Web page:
One might scoff at the idea that catching a foot long fish might be exciting. Especially when the Truckee River some holds mythological giants in it's dark corners and tight seams. But the fact is, a lot of people around these parts keep getting excited about catching fingerlings. That's because the story goes, there never really use to be that many juvenile trout spotted in the Truckee. It was donkey or nothing. With the relatively new Wild Trout section and regulation, some are theorizing that the health of the fish populations has never been better. I'm not a fisheries biologist so I have no comment nor theory on the matter. But I do say I still enjoy catching fish, whether they're Ball Park Frank length or not and I sure hope that those with the theory are right. It'd be amazing to see a population explosion on this river. Then we might be able drop the "Toughee" nickname and call it the "Still pretty Toughee but not as Toughee as it used to be".
If you haven't noticed, I haven't posted much here. That's not because I'm falling to the lazy trappings of blog procrastination, but because I cruelly have had no content whatsoever to post up on my little fishy blog.
Although I had grand plans of swinging wets to steelies in Whistler and even going deep into the Nevada desert to fish to lower sections of the Truckee this Winter, none of that happened. For one, I was home in Tahoe a total of zero days in four months. And when I was spending time in Whistler, I simply had no time to cast four-bajillion times in freezing cold water to big chromey beasts. I pretty much had to do this all Winter. Yup, woe is me...
So I waited until May, even though I traveled all Winter with all my fly gear, to get my first line wet in 2012.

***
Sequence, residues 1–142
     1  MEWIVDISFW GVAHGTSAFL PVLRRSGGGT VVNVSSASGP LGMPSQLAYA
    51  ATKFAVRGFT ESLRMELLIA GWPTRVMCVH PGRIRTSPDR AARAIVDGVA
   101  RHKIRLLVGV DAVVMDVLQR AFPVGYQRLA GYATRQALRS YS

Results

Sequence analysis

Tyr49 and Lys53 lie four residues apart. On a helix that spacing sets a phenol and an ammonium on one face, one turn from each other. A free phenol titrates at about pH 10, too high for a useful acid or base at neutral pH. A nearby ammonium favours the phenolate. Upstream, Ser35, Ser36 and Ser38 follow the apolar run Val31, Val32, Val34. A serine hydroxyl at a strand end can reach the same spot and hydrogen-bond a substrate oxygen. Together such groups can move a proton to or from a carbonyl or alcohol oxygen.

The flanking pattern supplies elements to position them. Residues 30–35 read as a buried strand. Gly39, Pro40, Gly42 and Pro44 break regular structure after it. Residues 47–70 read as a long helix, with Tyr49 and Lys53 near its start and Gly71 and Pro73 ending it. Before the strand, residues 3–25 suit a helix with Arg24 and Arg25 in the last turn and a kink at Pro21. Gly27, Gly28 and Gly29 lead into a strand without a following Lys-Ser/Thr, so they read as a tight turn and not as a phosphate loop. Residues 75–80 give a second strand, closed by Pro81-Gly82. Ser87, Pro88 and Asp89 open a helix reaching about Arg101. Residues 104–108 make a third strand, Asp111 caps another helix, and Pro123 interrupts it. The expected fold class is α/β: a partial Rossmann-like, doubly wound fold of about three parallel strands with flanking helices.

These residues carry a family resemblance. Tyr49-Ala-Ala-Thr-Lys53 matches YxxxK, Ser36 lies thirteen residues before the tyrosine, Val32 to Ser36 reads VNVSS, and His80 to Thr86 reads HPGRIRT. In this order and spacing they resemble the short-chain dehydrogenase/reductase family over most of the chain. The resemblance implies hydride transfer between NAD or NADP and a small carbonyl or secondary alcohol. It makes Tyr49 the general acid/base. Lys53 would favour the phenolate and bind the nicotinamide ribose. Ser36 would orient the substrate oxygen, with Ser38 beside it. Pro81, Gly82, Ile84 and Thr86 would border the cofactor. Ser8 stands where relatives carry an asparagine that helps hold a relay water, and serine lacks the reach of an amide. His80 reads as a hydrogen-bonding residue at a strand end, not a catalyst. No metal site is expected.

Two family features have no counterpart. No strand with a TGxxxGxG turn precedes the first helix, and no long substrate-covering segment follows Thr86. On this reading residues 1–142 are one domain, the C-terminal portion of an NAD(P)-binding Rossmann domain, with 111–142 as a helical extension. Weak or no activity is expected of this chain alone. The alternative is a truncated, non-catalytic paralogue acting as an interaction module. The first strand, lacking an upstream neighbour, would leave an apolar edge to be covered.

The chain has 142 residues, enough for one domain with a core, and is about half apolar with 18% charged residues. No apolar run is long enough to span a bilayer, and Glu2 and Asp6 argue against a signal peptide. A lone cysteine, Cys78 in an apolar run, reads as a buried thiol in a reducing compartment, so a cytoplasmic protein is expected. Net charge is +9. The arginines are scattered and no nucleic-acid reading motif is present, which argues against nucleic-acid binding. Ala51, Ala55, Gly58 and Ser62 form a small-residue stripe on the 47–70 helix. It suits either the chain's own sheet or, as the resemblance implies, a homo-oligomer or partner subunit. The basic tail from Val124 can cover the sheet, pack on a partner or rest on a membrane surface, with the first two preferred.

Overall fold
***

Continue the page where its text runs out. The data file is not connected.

Luckily my last ski trip of the year typically happens to be going down to Mammoth Mountain for some meetings at the annual Salomon Jib Academy. What the Jib Academy brings to me is end of the season spring skiing along with afternoons and evening spent down at Hot Creek. Yup, as you probably guessed, skiing and fishing all in the same day pretty much rules.
In the morning, we'd be getting after the hill like this: Massive rat pack mobbing around in goofy clothes. Pretty much the only way to Spring ski.
While the others would start downing aprés-ski beers I'd...well I'd have a few beers...then leave those guys and head down to the gorgeous Hot Creek.
Scenery is reason enough to come down.
Yup, still not a sucky view
Being it this was the first bug-hucking of the season I got to try out my new superfine bug-hucker: an Orvis Helios 10ft 5wt Tip Flex. All I can say is that is by far my favorite rod I've fished with. I'm sick of stiff, super fast action rods. This puppy for me has the power to cast into the wind (which is pretty much non-stop in Hot Creek) yet soft enough to slow your casting rhythm down and lay down effortless presentations. Orvis made a fine fish catching stick with this one. I dig it.
Brought the lady down as well. She's my ultimate fish, ski, surf and bike companion.
First fish of 2012! Nothing to call Mom about, but hell did it feel good to get tugged on and bring in a beautiful little trouty specimen.
The skiing was all time fun but I won't talk about that since this is a fish-blog. But what else does fishing go along with? Drinking. So the last night of Jib Academy we made sure to do a lot of this...
Yes...that's vodka if you're wondering. We shoot vodka as a tribute to one of our fallen friends of 2012. We made lots of tributes that night.
After crawling to the room at 3:30 am, I set the alarm for 6:30 am to hit up the East Walker on the drive back to home in Tahoe.
Elyse and my buddy Nick Patch down on a good roadside bend.
Nick drifting a run that we plugged for about 20 minutes. The morning was decently slow in terms of fish action, despite numerous bugs coming off the water on a beautiful morning. We rigged, re-rigged, switched flies and tried different tactics for this first hour and a half. After being frustrated with only a few small tugs on what looked like an epic day, I finally decided to go full full-proof on my bug and tactic choices: An MFC Red Copper Bob (John) and Soft Hackle dropper with a lot of weight to get down deep. This is one of my favorite "Fuck-it, I-don't-know-what-the-hell-the-fish-are-eating" rigs and this one paid off.
As soon as I got the tug I knew it was a gooder. By the time he didn't fit in the net, I knew it was a real gooder. Was a nice way to break up the slow morning.